conjugated estrogens vaginal cream, Premarin Vaginal Cream

  • Pharmacy Author:
    Omudhome Ogbru, PharmD

    Dr. Ogbru received his Doctorate in Pharmacy from the University of the Pacific School of Pharmacy in 1995. He completed a Pharmacy Practice Residency at the University of Arizona/University Medical Center in 1996. He was a Professor of Pharmacy Practice and a Regional Clerkship Coordinator for the University of the Pacific School of Pharmacy from 1996-99.

  • Medical and Pharmacy Editor: Jay W. Marks, MD
    Jay W. Marks, MD

    Jay W. Marks, MD

    Jay W. Marks, MD, is a board-certified internist and gastroenterologist. He graduated from Yale University School of Medicine and trained in internal medicine and gastroenterology at UCLA/Cedars-Sinai Medical Center in Los Angeles.

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Other important side effects include:

Melasma--tan or brown patches-- may develop on the forehead, cheeks, or temples. These may persist even after the estrogen is stopped.

Conjugated estrogens may increase the curvature of the cornea, and patients with contact lenses may develop intolerance to their lenses.

Blood clots are an occasional, serious side effect of estrogen therapy and are dose-related. (The higher the dose of estrogen, the greater the risk of blood clots.) Cigarette smokers are at a higher risk than non-smokers for blood clots, and patients requiring estrogens should be encouraged to quit smoking.

Estrogens can promote thickening of the lining of the uterus (endometrial hyperplasia) and increase the risk of uterine cancer. At diagnosis, endometrial cancers in recipients of estrogens are generally at an earlier stage and are less aggressive when they are discovered. Survival from endometrial cancer also is better in women taking estrogens than in those not taking estrogens. The addition of a progestin to estrogen therapy offsets the risk of endometrial cancer. Conflicting data exists on the association between estrogens and breast cancer. There may be a small increase in risk. The effect of concomitant progestin therapy on the risk of estrogen-induced breast cancer is unclear. Conjugated estrogens are well-absorbed from the vagina and into the blood. The amount absorbed depends on the frequency of use and the amount used. Thus, more frequent use or larger amounts of vaginal estrogens can have effects throughout the body (see conjugated estrogens, Premarin). The Women's Health Initiative found that postmenopausal women (50-79 years old) taking conjugated estrogens had an increased risk of breast cancer, blood clots, and stroke. There was also an increased risk of impaired cognition and/or dementia among women over age 65.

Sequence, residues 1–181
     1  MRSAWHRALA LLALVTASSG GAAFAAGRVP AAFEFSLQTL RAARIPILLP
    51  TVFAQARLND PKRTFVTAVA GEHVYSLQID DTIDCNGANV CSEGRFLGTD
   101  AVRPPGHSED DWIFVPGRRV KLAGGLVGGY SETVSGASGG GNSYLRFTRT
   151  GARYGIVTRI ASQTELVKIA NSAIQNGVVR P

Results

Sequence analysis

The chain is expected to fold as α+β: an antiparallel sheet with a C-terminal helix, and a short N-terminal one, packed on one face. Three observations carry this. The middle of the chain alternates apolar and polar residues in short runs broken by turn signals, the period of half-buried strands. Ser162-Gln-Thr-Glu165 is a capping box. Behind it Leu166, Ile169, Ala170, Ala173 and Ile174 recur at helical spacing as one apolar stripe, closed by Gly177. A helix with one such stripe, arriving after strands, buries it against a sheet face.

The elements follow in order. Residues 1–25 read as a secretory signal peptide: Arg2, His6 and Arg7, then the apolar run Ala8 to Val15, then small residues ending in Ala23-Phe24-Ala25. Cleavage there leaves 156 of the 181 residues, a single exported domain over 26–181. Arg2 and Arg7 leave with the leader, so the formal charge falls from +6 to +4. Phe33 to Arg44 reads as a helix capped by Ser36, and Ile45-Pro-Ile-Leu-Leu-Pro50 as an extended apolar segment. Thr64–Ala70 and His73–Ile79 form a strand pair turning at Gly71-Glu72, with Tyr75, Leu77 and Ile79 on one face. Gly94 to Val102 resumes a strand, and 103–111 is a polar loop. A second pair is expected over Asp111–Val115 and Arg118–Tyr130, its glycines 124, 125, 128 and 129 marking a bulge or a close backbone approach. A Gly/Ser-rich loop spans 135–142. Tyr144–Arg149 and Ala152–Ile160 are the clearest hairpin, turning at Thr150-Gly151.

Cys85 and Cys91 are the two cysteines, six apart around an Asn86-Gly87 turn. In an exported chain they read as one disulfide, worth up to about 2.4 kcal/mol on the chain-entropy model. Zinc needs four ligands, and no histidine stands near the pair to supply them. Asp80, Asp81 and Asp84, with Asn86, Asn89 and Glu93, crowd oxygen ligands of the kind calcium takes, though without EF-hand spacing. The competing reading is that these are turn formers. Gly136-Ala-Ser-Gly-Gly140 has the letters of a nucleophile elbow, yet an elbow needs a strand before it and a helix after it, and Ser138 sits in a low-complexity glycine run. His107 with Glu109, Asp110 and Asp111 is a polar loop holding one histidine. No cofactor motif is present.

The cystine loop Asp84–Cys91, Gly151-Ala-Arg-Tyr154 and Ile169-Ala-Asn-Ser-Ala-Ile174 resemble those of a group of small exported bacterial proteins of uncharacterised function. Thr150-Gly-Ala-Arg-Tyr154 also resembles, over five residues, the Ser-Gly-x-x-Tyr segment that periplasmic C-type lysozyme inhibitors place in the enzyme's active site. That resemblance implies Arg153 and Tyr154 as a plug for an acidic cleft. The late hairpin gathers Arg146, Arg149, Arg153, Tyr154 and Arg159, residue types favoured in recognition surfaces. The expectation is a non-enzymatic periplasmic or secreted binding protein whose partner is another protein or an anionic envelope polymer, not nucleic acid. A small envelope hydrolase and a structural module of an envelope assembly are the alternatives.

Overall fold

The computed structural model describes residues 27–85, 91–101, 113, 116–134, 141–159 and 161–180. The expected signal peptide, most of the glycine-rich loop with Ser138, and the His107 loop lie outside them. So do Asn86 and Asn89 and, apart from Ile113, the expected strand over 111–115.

Medically Reviewed by a Doctor on 12/24/2014

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